Citation. S.D. Sup. Ct., 621 N.W.2d 150 (2001)
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Brief Fact Summary.
The circuit court found that Avera St. Luke's (Defendant) did not have the right to initiate actions that affected the privileges of medical staff such as Dr. Mahan (Plaintiff) when they had already delegated this authority.
Synopsis of Rule of Law.
A hospital's medical staff bylaws do not outweigh the Board of Directors' ability to make administrative decisions.
Avera St. Luke's (Defendant) is part of a regional health care system sponsored by the Sisters of the Presentation of the Blessed Virgin Mary of Aberdeen, South Dakota. Since 1901, the Presentation Sisters have provided quality health services to the Aberdeen community. In mid-1996, Defendant's neurosurgeon left Aberdeen. While recruiting his replacement, (Defendant) learned that most neurosurgeon applicants would not care to come to Aberdeen if there was already an orthopedic surgeon practicing in the area. Defendant recruited a neurosurgeon successfully in December of 1996. It was around this time Defendant learned that OSS (Plaintiff), a group of Aberdeen orthopedic surgeons, were going to build a day surgery center that would compete directly with Defendant. During the first seven months that OSS's (Plaintiff) surgery center was operating, (Defendant) suffered a 1,000-hour loss of operating room usage. Defendant responded by closing Defendant's medical staff with respect to doctors requesting spine surgery privileges and closed its medical staff to applicants for orthopedic surgery privileges. OSS (Plaintiff) recruited Dr. Mahan (Plaintiff), a spine-fellowship-trained orthopedic surgeon who practiced orthopedic surgery, in the summer of 1998. Mahon's (Plaintiff) application for staff privileges at ASL (Defendant) was denied. Mahan (Plaintiff) and OSS (Plaintiff) initiated this action against Defendant, challenging the Board's decision to close the staff. The circuit court determined that Defendant breached the Staff Bylaws when it delegated power regarding medical staff issues by closing the staff without first consulting the staff. Defendant appealed.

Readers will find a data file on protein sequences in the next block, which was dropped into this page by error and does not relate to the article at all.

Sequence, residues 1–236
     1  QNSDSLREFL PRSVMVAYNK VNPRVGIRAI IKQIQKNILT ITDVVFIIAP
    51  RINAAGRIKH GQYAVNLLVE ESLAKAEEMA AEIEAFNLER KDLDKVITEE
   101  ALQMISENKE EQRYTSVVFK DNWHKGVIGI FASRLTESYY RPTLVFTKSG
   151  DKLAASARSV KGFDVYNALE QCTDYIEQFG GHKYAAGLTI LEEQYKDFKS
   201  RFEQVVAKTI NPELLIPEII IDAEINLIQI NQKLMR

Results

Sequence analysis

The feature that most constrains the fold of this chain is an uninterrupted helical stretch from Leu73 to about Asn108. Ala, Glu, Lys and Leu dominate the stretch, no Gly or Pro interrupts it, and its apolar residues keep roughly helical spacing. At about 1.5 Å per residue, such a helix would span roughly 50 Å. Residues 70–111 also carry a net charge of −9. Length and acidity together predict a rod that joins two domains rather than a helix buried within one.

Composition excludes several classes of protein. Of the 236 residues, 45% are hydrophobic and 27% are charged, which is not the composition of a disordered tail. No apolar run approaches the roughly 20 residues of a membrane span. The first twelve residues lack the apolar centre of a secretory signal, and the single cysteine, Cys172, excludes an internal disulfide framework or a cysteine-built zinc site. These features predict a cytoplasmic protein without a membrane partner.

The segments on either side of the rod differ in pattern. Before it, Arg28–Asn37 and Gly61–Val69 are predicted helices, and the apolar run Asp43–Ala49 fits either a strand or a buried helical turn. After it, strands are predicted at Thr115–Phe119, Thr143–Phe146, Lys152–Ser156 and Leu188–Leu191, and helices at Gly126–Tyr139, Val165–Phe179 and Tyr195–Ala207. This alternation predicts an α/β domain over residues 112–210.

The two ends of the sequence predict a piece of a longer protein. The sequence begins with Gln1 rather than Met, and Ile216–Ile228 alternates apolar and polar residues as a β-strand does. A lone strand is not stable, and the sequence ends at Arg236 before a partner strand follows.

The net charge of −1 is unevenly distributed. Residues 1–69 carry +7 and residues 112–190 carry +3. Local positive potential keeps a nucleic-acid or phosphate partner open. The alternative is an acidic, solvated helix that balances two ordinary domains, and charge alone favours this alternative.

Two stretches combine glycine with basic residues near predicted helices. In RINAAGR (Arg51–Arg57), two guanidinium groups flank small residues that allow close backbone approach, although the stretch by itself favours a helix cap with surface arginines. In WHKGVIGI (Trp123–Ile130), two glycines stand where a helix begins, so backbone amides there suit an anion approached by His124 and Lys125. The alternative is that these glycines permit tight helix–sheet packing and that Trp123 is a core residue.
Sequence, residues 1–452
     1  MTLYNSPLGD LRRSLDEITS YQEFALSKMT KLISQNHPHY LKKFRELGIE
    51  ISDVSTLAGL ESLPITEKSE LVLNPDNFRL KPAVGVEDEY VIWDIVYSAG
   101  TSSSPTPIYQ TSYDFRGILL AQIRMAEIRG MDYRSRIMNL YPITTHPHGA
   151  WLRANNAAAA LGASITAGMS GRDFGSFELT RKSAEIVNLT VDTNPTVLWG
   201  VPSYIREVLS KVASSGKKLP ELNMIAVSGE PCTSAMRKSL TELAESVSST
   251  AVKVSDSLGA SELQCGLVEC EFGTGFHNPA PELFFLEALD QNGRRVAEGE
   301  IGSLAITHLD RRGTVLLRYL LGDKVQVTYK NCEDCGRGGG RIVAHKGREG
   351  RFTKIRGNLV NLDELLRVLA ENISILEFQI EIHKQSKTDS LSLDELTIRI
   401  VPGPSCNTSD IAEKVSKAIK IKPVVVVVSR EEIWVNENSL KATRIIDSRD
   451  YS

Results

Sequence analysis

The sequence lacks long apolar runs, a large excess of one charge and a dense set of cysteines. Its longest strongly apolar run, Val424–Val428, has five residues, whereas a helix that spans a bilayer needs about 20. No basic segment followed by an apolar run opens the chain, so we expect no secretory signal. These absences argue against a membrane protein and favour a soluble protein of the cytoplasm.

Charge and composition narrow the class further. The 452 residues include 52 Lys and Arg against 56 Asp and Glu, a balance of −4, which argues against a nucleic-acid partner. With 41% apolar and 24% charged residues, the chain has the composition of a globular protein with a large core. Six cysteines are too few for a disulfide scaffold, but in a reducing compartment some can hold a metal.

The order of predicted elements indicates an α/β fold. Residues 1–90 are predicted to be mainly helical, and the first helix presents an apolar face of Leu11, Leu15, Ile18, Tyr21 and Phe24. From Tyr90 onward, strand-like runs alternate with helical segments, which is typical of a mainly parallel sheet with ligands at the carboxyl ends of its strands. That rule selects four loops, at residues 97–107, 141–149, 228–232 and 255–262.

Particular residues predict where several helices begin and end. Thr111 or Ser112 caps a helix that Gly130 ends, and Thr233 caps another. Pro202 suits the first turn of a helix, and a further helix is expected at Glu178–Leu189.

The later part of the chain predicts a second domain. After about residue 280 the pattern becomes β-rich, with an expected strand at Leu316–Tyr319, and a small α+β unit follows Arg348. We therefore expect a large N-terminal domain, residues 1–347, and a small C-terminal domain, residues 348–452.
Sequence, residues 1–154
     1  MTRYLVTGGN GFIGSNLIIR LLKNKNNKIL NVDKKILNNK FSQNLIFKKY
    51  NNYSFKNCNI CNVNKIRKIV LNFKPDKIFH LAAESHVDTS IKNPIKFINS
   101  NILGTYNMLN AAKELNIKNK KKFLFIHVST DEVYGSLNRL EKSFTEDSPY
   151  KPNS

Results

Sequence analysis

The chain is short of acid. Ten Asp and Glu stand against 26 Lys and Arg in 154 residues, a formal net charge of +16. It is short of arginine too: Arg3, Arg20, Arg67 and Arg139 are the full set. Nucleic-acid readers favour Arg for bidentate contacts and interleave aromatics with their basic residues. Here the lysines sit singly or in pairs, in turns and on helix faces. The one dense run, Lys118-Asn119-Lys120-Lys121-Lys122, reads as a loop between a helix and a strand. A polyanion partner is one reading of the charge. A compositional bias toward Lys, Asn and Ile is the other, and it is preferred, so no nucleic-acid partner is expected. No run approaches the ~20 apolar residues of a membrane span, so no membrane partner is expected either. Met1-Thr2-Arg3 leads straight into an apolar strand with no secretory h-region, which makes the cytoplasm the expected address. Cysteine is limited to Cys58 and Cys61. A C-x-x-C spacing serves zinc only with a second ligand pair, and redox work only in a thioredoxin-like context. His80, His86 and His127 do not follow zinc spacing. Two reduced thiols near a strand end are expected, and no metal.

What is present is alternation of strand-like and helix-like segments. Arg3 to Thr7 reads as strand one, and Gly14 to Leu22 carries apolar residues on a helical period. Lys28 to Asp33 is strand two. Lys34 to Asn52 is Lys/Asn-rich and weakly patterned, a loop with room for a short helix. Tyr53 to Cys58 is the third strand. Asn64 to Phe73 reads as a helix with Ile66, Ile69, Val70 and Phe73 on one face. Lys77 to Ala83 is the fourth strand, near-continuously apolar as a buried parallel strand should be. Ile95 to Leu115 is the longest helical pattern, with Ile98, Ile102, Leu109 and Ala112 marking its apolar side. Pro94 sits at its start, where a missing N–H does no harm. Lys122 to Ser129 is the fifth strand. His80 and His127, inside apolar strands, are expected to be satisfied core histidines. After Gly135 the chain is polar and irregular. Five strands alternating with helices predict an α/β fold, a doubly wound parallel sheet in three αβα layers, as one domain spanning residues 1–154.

Do a hospital's medical staff bylaws outweigh the Board of Directors' ability to make administrative decisions?
(Gilbertson, J.) No. A hospital's medical staff bylaws do not outweigh the Board of Directors' ability to make administrative decisions. This is not a case about issues delegated to the expertise of medical staff regarding appointments and privileges. Instead, it was an administrative decision by Defendant's Board to close Defendant's staff for particular procedures in order to secure their economic survival. Permitting the medical staff to pass on valid business decisions by the Board regarding any issue that incidentally affects the medical staff would result in an ineffective Board. In regards to hiring competent doctors, hospitals have a duty of responsibility to do so. Imposing this duty and leaving hospital boards powerless to make any decisions regarding medical staff, as the lower court suggests, would lead to results that are illogical. Reversed.
Regardless of the arguments made in Mahan that hospital boards should not act as a rubber stamp in approving doctors for staff privileges that are approved or recommended by staff, this is actually how must hospitals do function.